I am continually amazed by how little I need to interact with other people to make it through the day. Ordering lunch can easily be accomplished online. I never need to ask for directions, I have a GPS. If I have a question for my bank, I usually end up talking to an automated system for five minutes before I even get the option to talk to a real human being. I don’t even need to call my mom to know how her day is going (though I should). I just check her social status.
Technology has made life easier and more efficient (most of the time), but it lacks personalization, a human connection, that can make us feel like the interactions we have matter.
It’s overlapping into the marketing world, too. Until recent years, mass marketing has been the norm. Marketers are getting smart, though and are finding ways to customize messages for their audiences. But is it enough? Let’s look at where we’ve come from.
First, there were audience segments.
Example: Group A is a 45 to 64-year-old male who mows his lawn once a week. Group B is a 20-something hipster who only drinks fair trade coffee. Ok, these two groups have nothing in common. But this is what audience segments do. They break people down to simplistic characteristics that don’t necessarily define who they are. Audience segments can be helpful, but they don’t really help you personalize a message.
Next came database marketing.
Segmenting is a lot of work, so we put everything we knew into a spreadsheet and let the machines do the work. Database marketing can be used to segment groups based on social media profiles, web browsing history or online purchases. And then prepare to be freaked out by the customized ad deliveries as you continue to browse the web. It’s a very sophisticated system that I won’t even pretend to understand completely, but as Shutterfly learned recently, databases aren’t fool proof and customized messaging does not always equal personalized messaging.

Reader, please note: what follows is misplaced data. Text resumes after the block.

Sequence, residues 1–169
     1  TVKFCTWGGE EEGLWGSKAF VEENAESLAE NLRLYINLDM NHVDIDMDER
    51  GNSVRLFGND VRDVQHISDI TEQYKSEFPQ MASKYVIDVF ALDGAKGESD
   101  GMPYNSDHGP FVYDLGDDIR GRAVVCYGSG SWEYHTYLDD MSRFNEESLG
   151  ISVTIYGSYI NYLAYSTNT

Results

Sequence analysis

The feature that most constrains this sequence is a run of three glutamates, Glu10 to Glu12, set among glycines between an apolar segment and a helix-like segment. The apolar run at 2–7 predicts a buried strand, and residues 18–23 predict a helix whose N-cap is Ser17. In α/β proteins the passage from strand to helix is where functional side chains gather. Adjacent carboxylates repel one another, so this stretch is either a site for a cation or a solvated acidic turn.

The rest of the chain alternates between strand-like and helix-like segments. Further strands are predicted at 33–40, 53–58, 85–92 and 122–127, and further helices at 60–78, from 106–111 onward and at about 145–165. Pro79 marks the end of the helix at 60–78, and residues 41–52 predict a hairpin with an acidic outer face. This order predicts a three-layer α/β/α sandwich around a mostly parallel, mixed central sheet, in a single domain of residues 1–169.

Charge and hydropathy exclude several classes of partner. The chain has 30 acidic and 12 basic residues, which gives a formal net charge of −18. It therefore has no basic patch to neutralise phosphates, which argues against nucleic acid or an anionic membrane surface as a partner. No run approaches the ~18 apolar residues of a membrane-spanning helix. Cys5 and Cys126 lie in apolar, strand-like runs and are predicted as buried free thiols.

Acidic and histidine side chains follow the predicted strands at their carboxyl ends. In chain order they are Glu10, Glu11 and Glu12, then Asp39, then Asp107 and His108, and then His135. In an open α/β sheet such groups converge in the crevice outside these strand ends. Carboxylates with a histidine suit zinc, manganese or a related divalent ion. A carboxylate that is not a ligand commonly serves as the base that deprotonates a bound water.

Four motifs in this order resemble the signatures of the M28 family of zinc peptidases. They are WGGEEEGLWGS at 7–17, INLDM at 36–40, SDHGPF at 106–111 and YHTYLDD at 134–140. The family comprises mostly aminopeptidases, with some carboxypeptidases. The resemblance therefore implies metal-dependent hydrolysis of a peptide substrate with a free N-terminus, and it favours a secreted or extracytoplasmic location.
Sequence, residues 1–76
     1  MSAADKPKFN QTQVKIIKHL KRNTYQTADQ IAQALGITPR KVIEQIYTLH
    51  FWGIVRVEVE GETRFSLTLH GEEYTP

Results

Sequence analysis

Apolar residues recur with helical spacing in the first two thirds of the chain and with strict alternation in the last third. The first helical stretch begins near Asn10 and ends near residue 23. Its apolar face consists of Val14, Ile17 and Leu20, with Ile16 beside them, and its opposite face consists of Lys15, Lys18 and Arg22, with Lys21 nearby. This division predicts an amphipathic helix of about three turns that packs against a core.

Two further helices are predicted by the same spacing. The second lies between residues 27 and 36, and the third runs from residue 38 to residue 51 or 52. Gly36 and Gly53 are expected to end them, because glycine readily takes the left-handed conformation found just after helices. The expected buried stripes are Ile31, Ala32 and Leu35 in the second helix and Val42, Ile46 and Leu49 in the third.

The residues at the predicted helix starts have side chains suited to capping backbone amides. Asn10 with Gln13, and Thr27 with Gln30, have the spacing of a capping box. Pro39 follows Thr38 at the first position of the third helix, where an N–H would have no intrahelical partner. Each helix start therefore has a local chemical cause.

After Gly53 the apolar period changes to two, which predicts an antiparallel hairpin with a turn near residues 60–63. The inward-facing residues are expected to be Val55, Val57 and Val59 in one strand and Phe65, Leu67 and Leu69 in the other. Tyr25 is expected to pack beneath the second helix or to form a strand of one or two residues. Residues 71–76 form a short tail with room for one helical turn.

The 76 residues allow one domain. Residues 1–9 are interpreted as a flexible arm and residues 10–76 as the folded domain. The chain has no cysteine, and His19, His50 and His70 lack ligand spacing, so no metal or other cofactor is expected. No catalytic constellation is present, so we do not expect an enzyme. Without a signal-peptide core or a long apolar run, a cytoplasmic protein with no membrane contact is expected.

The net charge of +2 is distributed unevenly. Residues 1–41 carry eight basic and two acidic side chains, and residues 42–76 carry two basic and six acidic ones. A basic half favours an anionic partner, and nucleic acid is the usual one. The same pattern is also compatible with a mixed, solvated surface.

So what’s next?
Real humans talking with other humans. That’s where communications must go. We are a social species. We are meant to communicate with other people on a one on one basis.
Successful communication must go back to the basics of human interaction. Sure, it may take a little more time, but the impact a company or brand can make on an individual will last even longer. You’ll create fans and advocates for life if true personalization, transparency and empathy are at the forefront of communications. (A compelling story and good product can’t hurt either, but that’s a topic for another day.)
How to accomplish this type of communication is for each company to determine on its own. The solution will be whatever connects them with their audience on a basic human level.
Now, get off the computer and go talk to someone.